Looting of Haiti caused loss of some $6 million in relief supplies, WFP says

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Sept 26 (Reuters) – Looting in Haiti this month has resulted in the loss of at least $6 million in humanitarian aid, including 2,000 tonnes of food, a World Food Program official said on Monday, as the Caribbean nation is plagued with civil unrest and chronic gang violence. .

Protests erupted across Haiti after Prime Minister Ariel Henry’s September 11 announcement of a fuel price hike, sparking protests and street violence, including the looting of WFP warehouses.

“In the space of a week, WFP in Haiti lost a third of our food stocks as two of our four warehouses were deliberately targeted, looted and looted,” said Valérie Guarnieri, WFP Deputy Executive Director during a meeting of the UN Security Council.

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“We estimate that at least six million dollars worth of relief supplies were lost,” Guarnieri said, adding that the looting had affected other nonprofits and United Nations agencies.

The Haitian government decided this month to cut fuel subsidies, citing their high cost, sparking outrage in a country already struggling with record inflation.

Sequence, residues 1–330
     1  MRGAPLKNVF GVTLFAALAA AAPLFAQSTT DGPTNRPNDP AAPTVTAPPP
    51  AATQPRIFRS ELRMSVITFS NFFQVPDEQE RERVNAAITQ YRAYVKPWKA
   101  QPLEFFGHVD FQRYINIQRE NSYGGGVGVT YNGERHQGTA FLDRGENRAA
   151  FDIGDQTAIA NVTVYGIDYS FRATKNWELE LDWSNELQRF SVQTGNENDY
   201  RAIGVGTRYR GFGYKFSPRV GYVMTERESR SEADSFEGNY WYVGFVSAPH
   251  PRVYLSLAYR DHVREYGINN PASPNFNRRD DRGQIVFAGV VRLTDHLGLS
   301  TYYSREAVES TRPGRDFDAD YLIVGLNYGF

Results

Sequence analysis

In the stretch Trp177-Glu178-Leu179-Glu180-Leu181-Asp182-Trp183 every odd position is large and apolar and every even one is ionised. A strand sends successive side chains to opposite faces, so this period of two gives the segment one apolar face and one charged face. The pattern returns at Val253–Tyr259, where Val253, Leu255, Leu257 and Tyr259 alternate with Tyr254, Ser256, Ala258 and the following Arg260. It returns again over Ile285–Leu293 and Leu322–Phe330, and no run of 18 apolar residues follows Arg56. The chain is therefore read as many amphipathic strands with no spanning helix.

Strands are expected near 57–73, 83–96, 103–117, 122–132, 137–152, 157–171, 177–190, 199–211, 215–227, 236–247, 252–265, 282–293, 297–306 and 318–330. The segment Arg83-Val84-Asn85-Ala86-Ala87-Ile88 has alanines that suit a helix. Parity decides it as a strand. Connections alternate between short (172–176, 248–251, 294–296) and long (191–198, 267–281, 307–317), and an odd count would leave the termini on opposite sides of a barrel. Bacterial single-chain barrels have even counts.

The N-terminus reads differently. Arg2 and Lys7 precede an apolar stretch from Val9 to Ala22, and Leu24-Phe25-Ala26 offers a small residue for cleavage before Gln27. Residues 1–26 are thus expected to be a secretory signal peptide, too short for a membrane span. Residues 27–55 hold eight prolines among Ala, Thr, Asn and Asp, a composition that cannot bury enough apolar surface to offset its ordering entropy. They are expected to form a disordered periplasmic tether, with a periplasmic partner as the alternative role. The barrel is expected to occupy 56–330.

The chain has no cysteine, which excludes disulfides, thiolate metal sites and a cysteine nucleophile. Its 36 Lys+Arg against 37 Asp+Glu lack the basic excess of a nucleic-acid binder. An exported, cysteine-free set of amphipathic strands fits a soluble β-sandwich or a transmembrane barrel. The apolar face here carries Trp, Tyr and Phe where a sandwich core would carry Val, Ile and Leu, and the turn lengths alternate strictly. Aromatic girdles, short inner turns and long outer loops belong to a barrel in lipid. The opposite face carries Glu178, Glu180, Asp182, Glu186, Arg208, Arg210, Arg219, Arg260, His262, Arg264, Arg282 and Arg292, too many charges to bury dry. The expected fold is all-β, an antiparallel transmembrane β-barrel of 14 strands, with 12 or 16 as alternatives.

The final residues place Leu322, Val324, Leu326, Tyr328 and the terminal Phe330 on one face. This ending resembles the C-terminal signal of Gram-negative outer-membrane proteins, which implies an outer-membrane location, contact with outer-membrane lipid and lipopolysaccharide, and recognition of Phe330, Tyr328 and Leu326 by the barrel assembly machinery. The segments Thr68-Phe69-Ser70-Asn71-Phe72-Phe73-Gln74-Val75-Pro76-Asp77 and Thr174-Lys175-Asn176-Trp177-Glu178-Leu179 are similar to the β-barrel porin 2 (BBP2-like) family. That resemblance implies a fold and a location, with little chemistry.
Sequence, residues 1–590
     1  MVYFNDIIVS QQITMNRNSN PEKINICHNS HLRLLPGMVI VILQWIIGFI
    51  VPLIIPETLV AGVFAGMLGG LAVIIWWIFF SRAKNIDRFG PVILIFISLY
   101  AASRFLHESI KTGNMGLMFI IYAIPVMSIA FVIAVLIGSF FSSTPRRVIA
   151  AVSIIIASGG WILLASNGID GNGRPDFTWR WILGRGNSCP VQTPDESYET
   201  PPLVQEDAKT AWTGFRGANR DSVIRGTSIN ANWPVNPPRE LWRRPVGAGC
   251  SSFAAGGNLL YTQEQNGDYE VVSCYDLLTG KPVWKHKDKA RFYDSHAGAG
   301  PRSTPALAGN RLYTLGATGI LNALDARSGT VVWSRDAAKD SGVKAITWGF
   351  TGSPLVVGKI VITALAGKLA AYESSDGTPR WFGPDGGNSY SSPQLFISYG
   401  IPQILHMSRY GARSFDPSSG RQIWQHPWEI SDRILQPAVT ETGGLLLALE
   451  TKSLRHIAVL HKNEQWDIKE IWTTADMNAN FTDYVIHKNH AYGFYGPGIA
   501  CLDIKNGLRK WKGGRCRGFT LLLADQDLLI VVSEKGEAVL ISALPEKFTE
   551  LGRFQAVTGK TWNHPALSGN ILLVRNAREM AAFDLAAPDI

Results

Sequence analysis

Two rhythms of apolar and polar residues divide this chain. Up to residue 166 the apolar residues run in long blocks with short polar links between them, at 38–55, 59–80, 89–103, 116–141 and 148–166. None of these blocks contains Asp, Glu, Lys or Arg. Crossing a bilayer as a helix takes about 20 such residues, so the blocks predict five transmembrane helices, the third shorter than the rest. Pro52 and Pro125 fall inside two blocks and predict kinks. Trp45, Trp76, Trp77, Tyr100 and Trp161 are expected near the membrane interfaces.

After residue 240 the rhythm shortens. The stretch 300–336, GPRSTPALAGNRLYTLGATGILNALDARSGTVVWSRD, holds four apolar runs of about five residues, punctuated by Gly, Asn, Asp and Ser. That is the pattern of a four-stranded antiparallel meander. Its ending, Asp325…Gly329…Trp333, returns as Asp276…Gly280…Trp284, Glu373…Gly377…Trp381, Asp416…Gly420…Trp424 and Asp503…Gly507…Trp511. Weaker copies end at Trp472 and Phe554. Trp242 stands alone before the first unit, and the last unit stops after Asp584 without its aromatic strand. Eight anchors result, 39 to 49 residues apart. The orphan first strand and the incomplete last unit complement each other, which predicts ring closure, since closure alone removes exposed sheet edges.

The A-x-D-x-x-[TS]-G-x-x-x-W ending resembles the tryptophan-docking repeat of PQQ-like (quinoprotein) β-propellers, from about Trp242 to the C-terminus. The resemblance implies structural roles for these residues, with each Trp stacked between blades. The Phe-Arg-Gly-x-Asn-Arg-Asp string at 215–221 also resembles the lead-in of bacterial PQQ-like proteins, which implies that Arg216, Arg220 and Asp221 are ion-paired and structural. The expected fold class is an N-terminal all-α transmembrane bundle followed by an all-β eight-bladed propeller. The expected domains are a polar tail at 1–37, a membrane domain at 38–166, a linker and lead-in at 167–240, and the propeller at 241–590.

Several days after this announcement, gangs blockaded the Varreux oil terminal by digging trenches and filling nearby streets with empty shipping containers, preventing fuel distribution trucks from approaching the facility.

Gangs have been blocking roads from the capital to the country’s rural provinces for months, disrupting daily activities in the country and complicating aid agencies’ efforts to distribute food to the country’s poorest.

“Under such conditions, fundamental rights – from freedom of movement to education – are catastrophically undermined,” said Helen La Lime, head of the United Nations Integrated Office in Haiti, during the same session.

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Reporting by Brian Ellsworth; Editing by Stephen Coates

Our standards: The Thomson Reuters Trust Principles.

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